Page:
Count It All Joy When Facing Trials: 3 Resources for Christians

By Dr. Bob Martin III
Published 3 years ago

Count it all joy, my brothers, when you meet trials of various kinds” (James 1:2). 

What?! How is it possible to be joyful in the face of various trials?

Are you confused? I am not surprised. 

If you are like me, when I first read James 1:2, it was hard to understand this command and even harder to live it out. 

How are we supposed to be joyful in challenging circumstances? For instance: 

  • What if I’ve been criticized or slandered?
  • Maybe I lost my job or am facing financial insecurity? 
  • What if I have a severe illness or my loved one died unexpectedly? 
  • Or what if I have been a victim of physical, emotional, or spiritual abuse? 

 

In fact, in my early years as a Christian, being joyful during trials was hard. I often had the opposite reaction of joy. I would think: 

  • “What did I do to deserve this?” (Guilt)
  • “What is going to happen to me?” (Fear
  • “How can they do that to me?” (Anger)
  • “Why is this happening?” (Confusion)

 

But James knew what was best for us. He was not detached from the seriousness of everyday life. He was writing practical advice to suffering people in the first-century church. 

As a matter of fact, James isn’t the only New Testament writer who tells us to “joyfully” face trials. Matthew (5:11-12), Luke (Acts 5:41), Peter (1 Pet. 1:6), Paul (Rom. 5:3-5; 2 Cor. 7:4), and the author of Hebrews (10:34) write the same thing.

New Testament authors that say you can have joy in trials

 

I.   Where Are the Sources of Our Trials? 

We all face various hardships. And the causes of suffering can vary from person to person. But, in general, most suffering can be narrowed down to three sources (Eph. 2:1-3). Specifically: 

 

And regardless of the source of suffering, the Christian response should always be the same. 

 

II.   Mistaken Ideas Christians Have About Dealing with Trials

Before considering how Christians should deal with trials, let’s look at the wrong ways, we deal with them.

Firstly, some Christians think they should never face hardships.

But this is a self-focused view. Every human, including Christians, will face suffering in life.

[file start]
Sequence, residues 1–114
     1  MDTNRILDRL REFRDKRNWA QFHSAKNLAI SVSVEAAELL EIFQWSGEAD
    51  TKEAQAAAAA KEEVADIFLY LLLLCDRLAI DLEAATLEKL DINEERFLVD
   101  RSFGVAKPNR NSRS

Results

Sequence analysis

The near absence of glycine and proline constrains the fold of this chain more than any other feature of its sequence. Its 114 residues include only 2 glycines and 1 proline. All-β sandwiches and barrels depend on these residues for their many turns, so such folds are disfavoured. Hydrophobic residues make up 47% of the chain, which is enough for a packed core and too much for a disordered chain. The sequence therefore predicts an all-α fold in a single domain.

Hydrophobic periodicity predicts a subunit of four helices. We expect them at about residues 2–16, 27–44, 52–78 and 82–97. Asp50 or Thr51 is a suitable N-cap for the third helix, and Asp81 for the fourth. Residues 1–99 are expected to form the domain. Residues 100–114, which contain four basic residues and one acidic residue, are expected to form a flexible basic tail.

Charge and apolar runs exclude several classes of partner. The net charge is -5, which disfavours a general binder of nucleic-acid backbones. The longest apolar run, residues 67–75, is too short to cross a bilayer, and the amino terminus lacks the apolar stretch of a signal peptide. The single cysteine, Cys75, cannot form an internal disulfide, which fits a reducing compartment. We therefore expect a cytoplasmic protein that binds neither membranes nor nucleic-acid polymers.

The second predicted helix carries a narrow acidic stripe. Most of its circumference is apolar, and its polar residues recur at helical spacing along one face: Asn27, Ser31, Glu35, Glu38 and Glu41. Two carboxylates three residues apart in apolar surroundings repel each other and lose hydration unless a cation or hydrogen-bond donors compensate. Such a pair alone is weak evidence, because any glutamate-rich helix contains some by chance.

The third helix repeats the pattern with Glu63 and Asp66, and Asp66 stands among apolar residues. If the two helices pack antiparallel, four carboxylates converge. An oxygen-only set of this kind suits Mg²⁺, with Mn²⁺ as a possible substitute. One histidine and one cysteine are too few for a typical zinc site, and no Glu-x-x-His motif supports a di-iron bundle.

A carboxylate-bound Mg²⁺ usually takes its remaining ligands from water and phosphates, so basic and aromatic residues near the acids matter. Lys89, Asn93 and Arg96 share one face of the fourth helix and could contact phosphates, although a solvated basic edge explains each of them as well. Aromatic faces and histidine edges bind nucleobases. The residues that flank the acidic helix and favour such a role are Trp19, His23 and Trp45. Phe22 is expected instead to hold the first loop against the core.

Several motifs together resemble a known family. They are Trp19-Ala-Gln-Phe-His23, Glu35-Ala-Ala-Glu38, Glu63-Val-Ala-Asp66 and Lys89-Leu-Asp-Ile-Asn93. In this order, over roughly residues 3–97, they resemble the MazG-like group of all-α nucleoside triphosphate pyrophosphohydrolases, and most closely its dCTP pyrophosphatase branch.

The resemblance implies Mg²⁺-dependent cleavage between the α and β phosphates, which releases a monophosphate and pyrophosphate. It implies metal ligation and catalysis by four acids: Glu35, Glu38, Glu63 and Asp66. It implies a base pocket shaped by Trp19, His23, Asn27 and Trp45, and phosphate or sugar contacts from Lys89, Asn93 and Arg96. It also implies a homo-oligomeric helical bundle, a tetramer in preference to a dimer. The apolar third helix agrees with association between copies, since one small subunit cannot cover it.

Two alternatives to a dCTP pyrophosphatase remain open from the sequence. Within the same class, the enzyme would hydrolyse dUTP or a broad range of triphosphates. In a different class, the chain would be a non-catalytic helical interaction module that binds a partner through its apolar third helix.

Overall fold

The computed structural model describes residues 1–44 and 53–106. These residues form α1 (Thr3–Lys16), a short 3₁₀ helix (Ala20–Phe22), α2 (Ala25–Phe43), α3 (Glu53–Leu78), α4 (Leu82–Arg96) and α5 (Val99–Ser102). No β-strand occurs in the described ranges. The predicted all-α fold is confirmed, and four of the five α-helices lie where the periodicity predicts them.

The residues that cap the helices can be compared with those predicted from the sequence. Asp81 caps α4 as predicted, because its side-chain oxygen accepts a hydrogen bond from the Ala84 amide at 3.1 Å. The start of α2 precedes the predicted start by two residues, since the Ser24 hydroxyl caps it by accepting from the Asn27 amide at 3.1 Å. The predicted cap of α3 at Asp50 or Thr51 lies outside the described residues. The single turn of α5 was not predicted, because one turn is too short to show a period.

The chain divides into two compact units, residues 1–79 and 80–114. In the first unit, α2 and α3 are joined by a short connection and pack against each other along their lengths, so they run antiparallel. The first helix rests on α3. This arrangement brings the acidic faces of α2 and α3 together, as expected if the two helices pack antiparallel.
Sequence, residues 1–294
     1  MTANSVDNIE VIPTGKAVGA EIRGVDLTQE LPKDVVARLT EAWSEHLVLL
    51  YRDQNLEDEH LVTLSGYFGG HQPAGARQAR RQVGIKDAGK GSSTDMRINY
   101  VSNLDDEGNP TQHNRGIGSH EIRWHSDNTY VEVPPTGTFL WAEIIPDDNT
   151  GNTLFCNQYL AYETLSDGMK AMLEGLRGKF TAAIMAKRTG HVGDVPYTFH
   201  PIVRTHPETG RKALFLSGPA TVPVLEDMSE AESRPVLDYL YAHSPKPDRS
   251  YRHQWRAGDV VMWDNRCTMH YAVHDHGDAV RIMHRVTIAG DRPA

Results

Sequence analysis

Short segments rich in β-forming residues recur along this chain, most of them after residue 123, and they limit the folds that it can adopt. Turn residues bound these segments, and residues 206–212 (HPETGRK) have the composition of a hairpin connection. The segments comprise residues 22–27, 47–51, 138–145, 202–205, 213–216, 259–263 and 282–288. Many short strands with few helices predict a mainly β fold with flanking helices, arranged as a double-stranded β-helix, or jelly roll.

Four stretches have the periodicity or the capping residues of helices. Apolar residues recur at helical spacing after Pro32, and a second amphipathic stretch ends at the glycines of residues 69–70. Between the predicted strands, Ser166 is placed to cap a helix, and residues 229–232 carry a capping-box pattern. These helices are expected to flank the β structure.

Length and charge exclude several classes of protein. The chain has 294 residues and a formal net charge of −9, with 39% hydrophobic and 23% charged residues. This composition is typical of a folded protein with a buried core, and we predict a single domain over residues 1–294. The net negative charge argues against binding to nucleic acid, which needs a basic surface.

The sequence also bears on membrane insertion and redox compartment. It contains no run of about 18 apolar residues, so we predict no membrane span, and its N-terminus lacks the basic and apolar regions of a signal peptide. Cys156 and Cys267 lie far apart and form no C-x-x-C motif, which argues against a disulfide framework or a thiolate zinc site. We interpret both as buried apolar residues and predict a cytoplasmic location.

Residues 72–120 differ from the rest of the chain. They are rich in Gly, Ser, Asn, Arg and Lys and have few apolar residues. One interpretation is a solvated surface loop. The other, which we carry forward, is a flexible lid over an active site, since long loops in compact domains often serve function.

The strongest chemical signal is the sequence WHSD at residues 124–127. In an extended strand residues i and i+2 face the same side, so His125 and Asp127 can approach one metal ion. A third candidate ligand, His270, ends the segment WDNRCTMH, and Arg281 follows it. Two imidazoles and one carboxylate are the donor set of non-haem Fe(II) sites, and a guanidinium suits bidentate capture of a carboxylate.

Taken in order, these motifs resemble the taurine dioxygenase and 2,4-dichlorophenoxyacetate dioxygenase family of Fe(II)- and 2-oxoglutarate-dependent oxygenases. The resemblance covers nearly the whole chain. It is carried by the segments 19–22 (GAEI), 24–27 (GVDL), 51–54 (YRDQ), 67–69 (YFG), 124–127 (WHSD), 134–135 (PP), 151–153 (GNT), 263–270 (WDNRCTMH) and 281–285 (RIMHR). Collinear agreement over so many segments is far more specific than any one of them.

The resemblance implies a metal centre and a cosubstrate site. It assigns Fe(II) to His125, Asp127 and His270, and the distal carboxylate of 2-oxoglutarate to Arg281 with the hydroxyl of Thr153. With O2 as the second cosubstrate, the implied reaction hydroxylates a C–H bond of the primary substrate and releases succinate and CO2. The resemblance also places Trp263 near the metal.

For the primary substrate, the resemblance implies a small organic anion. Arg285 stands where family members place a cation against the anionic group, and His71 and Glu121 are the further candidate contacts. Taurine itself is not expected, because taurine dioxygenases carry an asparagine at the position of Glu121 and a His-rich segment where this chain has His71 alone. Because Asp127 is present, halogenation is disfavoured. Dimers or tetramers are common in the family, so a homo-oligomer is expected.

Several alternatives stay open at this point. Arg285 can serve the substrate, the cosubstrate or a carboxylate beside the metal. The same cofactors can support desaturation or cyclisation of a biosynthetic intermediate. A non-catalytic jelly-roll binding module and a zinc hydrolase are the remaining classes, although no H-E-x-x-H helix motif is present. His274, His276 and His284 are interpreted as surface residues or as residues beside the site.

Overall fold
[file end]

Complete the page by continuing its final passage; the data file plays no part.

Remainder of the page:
• The issue isn’t “if” we will face adversity 
  • Instead, the real question is “How should we respond “when” we face challenges (John 16:33; Acts 14:22) 

 

Secondly, some Christians are scared to go through trials. 

  • As a result, they try avoiding them at all costs
  • But this misses the whole point of what suffering can accomplish in our lives 

 

III.   What “Count it All Joy” Does Not Mean

Before we learn what “count it all joy” means, let’s consider what James is not commanding us to do. 

  • He’s not expecting Christians to be only joyful during trials is wrong. We are not robots! We cannot ignore the sadness, grief, and tragedy in our testing. 
  • Also, “count it all joy” does not mean we enjoy our trials or pretend they are joyous when they are not (Heb. 12:11).
  • Lastly, James is not recommending that Christians go out looking for trials. It is enough to deal with the problems and temptations that will naturally come our way. We don’t need to compound our challenges by seeking more. 

 

Count it all joy doesn't mean be only joyful, enjoy your trials, or go looking for trials

 

IV.   3-Steps to “Count It All Joy”

Being joyful during trials involves viewing the trials through the eyes of faith. That means we choose to give thanks to God and intentionally adopt a joyful attitude (2 Cor. 7:4). 

That’s easy to say, but it may it’s difficult to accomplish. So, how can we manage it? 

Well, it all starts when we understand the purpose of James’s command. Let’s look at the process in detail. 

1.   Firstly, Trials Will Purify Your Faith

Counting it all joy doesn’t mean we need to pretend everything is okay. But it does allow challenges to hit our lives in a way that changes us for the good. For instance, challenges: 

  • Expose the deficits in our spiritual lives
  • Prove the genuineness of our faith (1 Pet. 1:7)

 

2.   Secondly, You Mature Spiritually

This maturity happens progressively and intentionally. For example: 

  • When confronted with trials, we consistently choose to trust and obey God 
  • And the more times we choose obedience in the face of different hardships, the tougher we become. Like a sailor becoming tougher as he goes through SEAL training.